I have a blu-ray player connected to the BD Coax connection of the SA30. When playing music I get a lot of drop-outs. It can sometimes have an interval of 10 minutes, sometimes several drop-outs within a minute. I’ve already changed coax-cables and blu-ray players. The dropouts are still there. Can this be a hardware issue (the BD Coax connection being faulty)? My CDS50 is connected to the other AV Coax connection of the SA30: no problems at all. Using the same type QED Performance Coax cable.
Have you updated to latest firmware from Arcam website, or are you still on 1.62/1027?
If still on 1.62, please update, and it should solve your issue.
Thanks Felix. Solving this with a firmware update sounds a bit strange to me though. One coax-connection doesn’t have problems, the other one does. This should be solved by firmware?
Yes. I know it sounds strange, but for a very long time there was some bug in DSP firmware, which caused strange issues. Drop-outs in digital inputs, distortion etc. Drop-outs depend on source device. The less clock drift it has, the less chance of drop-outs. For example at the beginning a lot of people were complaining about drop-outs on HDMI input, but mostly from Samsung and LG TV’s. I haven’t had any with Panasonic. At least that is/was our speculation here, on the forum. We are not sure about it though. All i know is that drop-outs been fixed (at least for most cases) with latest firmware.
Probably Arcam engineers could elaborate more on this, but we never got answer.
Anyway please try new firmware and it SHOULD fix this issue for you. Please report back.
Thanks for your explanation. Later today or tomorrow I will try to install the latest firmware and will let you know whether it works or not.
Hi Felix. I’ve updated the firmware (very easy to do by the way) and have been playing Steven Wilson’s BR-audio album The Future Bites for about one hour: not one drop-out so far! I have to be honest: I didn’t expect this
As you obviously know a lot, maybe you have an answer to another post of mine too. This Steven Wilson BR-audio is 96khz. My Arcam shows 48khz. I use a Sony BR-player (exclusively for BR-audio) and it’s connected using coax to the SA30 (as you know by now I guess). I tried playing it using a computer-blu-ray-player and then the SA30 showed 96khz. I don’t understand. Have you got any clue?
Thanks for helping me out!
Glad it works now ok
About your BR. Does it play any other disks with higher sampling rate?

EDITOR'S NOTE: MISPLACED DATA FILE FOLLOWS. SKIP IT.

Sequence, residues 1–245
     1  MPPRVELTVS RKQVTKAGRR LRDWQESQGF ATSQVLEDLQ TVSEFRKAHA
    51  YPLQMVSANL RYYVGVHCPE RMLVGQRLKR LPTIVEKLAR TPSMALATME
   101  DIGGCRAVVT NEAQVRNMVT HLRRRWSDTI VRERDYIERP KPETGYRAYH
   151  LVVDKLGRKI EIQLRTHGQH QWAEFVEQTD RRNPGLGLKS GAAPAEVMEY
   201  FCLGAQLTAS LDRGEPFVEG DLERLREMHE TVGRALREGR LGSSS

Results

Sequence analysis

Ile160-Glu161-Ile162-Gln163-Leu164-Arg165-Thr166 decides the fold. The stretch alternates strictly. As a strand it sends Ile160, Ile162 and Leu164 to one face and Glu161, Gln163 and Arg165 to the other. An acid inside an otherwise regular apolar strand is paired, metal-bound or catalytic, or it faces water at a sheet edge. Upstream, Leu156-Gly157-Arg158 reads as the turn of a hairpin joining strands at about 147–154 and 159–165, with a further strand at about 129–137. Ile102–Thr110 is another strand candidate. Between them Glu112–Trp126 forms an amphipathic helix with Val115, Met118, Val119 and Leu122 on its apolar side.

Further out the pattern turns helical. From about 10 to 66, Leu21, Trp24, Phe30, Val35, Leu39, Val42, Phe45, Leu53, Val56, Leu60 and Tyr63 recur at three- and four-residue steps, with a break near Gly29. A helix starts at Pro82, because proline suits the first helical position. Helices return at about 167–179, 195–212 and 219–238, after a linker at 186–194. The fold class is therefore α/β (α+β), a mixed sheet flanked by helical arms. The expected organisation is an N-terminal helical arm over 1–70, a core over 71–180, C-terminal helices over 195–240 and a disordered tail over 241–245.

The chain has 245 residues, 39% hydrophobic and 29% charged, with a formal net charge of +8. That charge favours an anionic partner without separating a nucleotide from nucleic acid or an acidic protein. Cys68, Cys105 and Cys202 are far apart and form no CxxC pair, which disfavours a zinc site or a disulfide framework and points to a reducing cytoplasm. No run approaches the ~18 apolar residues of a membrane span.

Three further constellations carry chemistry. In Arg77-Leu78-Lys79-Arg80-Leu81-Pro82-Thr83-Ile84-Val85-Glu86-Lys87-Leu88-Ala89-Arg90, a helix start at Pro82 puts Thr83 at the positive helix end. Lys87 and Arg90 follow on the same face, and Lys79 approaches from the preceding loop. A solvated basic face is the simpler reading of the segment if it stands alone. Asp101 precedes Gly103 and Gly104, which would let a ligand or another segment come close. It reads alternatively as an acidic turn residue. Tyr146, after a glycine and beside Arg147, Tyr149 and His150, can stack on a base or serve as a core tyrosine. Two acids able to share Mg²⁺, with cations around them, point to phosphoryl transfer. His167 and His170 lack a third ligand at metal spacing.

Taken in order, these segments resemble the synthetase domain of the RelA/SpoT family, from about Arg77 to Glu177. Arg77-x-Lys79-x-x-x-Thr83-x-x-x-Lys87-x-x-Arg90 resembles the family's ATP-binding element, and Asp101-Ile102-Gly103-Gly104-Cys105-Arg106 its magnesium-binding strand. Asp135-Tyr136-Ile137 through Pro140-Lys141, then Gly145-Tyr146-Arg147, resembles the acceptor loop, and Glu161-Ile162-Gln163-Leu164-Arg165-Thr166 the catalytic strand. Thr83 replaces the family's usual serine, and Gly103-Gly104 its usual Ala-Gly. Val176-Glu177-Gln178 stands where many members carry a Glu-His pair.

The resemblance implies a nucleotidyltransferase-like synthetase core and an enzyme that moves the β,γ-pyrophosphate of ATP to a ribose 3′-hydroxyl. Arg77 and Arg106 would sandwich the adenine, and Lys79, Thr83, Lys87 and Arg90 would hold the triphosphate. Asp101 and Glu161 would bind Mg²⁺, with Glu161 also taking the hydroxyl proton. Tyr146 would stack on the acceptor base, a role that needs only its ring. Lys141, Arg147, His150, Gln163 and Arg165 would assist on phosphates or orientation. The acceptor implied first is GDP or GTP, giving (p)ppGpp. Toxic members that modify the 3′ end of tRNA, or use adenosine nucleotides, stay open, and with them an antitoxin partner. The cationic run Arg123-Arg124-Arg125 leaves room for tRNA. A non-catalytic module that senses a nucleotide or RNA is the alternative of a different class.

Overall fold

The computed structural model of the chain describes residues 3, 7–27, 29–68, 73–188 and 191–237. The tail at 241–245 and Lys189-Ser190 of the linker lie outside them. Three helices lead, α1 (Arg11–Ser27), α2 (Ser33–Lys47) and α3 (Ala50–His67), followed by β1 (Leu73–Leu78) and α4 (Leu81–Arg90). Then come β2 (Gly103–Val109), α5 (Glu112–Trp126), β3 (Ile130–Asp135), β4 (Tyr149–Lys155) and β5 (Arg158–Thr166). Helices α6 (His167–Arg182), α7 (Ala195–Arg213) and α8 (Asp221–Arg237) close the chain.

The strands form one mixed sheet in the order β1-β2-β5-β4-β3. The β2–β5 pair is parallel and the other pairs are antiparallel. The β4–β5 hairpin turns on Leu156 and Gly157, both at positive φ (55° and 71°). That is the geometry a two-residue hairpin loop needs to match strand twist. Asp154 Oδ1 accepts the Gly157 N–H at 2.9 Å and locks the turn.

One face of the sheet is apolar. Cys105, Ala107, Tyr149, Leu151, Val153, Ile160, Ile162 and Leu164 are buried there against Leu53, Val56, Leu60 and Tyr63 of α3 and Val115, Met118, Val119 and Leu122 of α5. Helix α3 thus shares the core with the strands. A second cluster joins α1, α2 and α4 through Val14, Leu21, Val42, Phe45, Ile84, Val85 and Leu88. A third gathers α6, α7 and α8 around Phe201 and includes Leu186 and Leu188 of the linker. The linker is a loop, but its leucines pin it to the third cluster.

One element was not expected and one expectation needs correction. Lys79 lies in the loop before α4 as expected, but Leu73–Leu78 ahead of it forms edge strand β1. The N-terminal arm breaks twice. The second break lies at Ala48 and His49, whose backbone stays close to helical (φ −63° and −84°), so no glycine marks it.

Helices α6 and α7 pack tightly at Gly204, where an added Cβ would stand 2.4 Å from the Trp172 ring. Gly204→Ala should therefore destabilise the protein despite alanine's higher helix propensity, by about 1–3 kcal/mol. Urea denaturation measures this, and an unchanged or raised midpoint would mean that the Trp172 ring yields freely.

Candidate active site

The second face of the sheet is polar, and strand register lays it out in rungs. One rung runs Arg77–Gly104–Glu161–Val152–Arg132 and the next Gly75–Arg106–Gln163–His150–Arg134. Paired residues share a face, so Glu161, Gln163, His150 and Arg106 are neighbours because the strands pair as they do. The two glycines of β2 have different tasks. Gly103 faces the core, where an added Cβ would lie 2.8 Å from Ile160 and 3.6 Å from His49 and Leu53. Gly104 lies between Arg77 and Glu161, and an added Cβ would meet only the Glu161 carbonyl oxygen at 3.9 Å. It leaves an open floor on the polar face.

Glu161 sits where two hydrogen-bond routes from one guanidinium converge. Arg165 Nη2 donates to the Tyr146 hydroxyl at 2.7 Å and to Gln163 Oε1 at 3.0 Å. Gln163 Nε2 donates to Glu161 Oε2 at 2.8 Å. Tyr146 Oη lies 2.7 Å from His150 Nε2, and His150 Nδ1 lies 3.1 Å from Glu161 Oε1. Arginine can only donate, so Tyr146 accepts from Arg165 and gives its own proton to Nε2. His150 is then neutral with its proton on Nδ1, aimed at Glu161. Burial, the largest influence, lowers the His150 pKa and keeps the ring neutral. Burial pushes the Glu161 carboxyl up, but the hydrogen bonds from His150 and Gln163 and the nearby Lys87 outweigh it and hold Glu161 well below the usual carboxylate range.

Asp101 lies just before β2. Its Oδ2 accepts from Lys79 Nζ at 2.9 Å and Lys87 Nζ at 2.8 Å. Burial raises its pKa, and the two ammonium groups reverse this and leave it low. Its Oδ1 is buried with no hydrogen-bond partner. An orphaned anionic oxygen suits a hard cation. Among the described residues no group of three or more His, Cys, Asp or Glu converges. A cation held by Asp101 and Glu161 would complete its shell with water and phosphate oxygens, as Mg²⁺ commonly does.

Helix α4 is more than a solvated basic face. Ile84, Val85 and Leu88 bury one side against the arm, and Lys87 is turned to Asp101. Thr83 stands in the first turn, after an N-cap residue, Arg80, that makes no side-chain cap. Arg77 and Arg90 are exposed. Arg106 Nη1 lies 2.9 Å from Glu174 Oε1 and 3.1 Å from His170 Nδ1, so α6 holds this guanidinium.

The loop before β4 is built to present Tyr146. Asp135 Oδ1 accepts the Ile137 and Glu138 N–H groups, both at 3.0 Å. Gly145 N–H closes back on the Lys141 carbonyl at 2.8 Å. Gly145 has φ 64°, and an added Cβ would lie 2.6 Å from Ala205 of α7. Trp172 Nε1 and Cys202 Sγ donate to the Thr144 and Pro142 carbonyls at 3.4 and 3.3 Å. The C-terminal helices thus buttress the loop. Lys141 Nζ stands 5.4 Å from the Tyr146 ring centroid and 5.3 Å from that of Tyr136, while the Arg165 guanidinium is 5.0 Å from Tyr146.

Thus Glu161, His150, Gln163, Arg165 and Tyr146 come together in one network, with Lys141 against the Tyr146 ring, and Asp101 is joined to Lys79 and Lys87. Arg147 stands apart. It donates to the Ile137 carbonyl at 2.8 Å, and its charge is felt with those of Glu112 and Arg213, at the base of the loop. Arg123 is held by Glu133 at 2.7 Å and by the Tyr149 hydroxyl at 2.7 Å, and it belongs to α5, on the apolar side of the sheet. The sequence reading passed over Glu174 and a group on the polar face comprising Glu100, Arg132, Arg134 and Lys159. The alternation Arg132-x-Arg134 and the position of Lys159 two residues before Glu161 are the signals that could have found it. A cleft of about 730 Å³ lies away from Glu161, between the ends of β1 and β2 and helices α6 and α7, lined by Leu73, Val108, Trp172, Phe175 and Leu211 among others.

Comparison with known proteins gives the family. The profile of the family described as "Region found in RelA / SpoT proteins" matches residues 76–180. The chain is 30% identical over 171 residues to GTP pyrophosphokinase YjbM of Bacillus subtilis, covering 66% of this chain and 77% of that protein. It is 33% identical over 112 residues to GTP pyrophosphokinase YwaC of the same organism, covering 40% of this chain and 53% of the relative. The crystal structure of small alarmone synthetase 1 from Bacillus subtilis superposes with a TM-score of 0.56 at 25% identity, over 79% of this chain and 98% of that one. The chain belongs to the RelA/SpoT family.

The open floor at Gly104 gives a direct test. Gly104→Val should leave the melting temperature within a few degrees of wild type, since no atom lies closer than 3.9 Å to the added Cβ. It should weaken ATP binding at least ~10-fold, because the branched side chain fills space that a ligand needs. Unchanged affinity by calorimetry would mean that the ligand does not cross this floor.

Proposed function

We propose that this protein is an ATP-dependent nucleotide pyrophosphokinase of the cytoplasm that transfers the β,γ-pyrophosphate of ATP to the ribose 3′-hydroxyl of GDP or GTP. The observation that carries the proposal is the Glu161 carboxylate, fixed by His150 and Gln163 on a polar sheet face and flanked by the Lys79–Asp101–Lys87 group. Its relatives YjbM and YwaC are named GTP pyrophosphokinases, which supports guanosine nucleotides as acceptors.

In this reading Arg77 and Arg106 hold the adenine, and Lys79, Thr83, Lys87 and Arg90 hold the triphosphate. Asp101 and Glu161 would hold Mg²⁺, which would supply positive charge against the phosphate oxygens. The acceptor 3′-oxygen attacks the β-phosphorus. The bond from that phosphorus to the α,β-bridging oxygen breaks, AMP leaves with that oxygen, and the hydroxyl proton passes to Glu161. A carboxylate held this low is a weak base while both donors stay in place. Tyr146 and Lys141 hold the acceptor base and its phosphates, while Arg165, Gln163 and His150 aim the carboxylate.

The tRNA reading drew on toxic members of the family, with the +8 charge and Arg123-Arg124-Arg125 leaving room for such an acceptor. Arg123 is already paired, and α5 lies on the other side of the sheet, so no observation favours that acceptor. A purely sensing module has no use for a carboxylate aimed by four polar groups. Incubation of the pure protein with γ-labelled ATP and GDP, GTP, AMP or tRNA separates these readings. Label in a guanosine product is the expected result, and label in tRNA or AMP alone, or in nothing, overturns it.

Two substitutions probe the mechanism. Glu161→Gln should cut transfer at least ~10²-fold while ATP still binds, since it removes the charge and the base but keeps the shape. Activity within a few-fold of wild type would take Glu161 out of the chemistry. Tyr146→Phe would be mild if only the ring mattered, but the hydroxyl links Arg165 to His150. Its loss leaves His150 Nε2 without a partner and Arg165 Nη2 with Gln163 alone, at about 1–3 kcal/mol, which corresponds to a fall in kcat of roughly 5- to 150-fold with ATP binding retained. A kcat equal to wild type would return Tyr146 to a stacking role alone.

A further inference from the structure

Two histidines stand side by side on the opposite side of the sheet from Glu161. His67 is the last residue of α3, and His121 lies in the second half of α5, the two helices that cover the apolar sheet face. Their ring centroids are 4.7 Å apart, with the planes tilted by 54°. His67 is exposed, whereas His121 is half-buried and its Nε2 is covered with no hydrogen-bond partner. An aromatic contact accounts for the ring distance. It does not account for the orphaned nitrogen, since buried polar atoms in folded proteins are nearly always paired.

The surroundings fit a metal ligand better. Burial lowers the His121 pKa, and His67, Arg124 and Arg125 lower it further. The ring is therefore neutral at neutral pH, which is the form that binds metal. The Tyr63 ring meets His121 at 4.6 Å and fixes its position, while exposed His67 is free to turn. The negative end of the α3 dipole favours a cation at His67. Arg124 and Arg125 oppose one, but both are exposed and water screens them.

In Setup->Audio of your player there is option:
[PCM Downsampling]: Set the sampling rate for PCM audio output when this player is connected through a digital connector (COAXIAL or OPTICAL).
What is set there currently?
These are the only options I have.
My BD-player is only used for audio using a coax connection. The little monitor is for being able to operate it. None of my other blu-rays shows 96khz. Like I mentioned before: I attached an old Popcorn Media player with a built-in PC-blu-ray player. That simple player showed 96khz on the SA30.
The blu-ray player I use is a Sony BDP-S6700 (using coax).
What options do you have under Digital Audio Output?
Only PCM or Auto. Tried both. Downmix has Stereo and Surround as options. For that simple PC blu-ray player I didn’t have to adjust anything. I put in the disc and it showed 96 immedeiately.
I found out someone mentioning on the Steve Hoffman forum that the coaxial output is obviously limited to 24/48. I don’t know if this makes much difference in sound quality/experience?
You mean output of the BD player? Strange, but might be the case.
I would say it doesn’t make a big difference. Probably sounds better than using analogue connection anyway, especially that if you want to use DL in SA30, it means that signal would go through DAC of the BD player, than ADC, DSP and DAC of SA30.
Yes, output of the BD-player. What do you mean by DL in this context?
Dirac Live. If you don’t use DL, signal has to go via DSP and DAC of the amp. If you provide analogue signal, it additionally goes via ADC.
But if you’re not using DL, you can use analogue connection and analogue direct mode.